Classroom Management: Presence is Everything…

Posted: July 17, 2012 in For Educators
Tags: , , , , , ,

For new teachers, creating a classroom environment that is safe, structured and focused on learning is one of the most challenging tasks. You will walk into new classrooms with unfamiliar faces and be expected to be in charge from the first bell. For some of you, establishing your presence may be easy, but for many others, it may take more time than you’d like. Establishing your presence can be done in many different ways.

You can be under 5 feet tall and command your students’ attention better than someone who is 6 feet tall. You can have an accent, a gentle voice, a kind face or a nurturing way… and still exude a presence that demands deference and respect. Being an expert at your subject area helps, but no one can tell you exactly how to become the most powerful person in the room. And to ensure that learning happens, you do in fact NEED to be known as the most powerful person in the room. It’s not simply a volume thing, a power thing, an aggressive thing or an intelligence thing. Establishing your authority must revolve around your commitment to teaching and your unwavering expectations regarding student conduct. Eye contact is vital with young people. While many other elements of establishing your presence are subjective to you and your strengths, eye contact is a non-negotiable. If your students do not see that you mean what you say in your eyes (even though many of them avoid eye contact), they will not believe that you are in charge.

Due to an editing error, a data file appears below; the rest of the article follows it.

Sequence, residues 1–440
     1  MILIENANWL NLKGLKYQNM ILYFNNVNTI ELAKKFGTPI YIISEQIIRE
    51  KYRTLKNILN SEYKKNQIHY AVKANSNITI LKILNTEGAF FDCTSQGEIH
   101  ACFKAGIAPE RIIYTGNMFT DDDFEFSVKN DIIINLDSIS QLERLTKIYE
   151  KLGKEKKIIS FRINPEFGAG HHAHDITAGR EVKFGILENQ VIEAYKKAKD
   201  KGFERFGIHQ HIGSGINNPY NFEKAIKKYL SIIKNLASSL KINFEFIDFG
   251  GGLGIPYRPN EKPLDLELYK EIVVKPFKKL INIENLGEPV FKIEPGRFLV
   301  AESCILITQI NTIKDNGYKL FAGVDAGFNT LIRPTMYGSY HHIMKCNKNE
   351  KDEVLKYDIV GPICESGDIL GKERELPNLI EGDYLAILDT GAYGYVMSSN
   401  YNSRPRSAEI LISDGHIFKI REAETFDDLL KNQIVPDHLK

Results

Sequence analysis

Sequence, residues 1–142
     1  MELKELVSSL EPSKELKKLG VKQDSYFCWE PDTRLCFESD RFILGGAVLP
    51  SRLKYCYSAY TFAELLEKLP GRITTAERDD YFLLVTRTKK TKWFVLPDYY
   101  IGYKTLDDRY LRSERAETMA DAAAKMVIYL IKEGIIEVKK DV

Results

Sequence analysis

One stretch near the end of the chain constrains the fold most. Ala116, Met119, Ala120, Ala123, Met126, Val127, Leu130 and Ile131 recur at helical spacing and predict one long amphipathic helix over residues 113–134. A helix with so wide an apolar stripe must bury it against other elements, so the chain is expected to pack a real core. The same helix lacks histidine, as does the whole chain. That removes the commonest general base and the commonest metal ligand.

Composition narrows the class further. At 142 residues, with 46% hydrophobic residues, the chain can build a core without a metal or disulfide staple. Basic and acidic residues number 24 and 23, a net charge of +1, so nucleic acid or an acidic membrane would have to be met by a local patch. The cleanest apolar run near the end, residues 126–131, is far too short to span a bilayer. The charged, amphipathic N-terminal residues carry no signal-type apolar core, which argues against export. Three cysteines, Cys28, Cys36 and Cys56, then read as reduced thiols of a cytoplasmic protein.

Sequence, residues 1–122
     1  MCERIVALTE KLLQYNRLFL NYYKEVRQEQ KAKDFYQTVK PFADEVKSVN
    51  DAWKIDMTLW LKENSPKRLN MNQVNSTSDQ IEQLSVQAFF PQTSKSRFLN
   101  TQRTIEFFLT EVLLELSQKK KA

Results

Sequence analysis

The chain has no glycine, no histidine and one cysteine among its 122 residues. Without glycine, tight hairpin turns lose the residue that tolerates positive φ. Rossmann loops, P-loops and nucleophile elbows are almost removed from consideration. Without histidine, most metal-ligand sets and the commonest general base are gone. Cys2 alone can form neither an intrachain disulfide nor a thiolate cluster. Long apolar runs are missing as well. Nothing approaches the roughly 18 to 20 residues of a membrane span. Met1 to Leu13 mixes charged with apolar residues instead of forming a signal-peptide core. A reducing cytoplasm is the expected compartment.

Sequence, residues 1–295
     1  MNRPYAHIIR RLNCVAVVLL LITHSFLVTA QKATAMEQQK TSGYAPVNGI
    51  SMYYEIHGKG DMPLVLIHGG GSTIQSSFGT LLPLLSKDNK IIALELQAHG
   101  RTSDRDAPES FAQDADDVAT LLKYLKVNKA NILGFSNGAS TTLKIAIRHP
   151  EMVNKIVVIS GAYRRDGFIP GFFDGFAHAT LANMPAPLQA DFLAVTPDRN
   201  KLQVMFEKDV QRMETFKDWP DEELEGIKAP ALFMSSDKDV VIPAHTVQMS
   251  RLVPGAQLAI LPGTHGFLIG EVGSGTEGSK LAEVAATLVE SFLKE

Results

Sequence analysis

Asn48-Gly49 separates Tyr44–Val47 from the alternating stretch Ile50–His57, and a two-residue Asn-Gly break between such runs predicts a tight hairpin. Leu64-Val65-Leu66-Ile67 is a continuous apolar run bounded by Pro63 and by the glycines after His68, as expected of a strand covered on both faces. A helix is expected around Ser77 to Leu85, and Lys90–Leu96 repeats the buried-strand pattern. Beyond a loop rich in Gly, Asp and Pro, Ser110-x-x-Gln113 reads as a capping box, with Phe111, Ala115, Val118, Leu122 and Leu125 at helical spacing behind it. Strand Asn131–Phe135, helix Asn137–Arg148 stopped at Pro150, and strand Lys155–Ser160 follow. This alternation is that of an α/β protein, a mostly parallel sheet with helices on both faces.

Addressing every small violation of your expectations is also vital to establishing your authority. You do not need to remove a student from your room every time they speak without raising their hand, however, you need to address it immediately and label it as “not how things are done in your classroom”. Simply saying “please raise your hand if you’d like to contribute” and waiting for them to do so can do wonders with that student, and with every other student in the room. If you overlook small violations of your expectations, your students will quickly begin to feel too free and comfortable and your credibility will go way down each time you choose to ignore the small misbehaviors that should be unacceptable. Remember that every moment and every interaction either makes your future in the classroom less, or more stressful. The more attentive you are to the subtle ways students will challenge your authority and test your capacity for taking control, the more likely you’ll be able to focus on instruction more than classroom management. And know, with absolute certainty, that once you establish your presence, and prove to your students that you’re the ONLY authority in the room, then and only then will you be able to fully enjoy the texture and personalities of the wonderful kids sitting in front of you.

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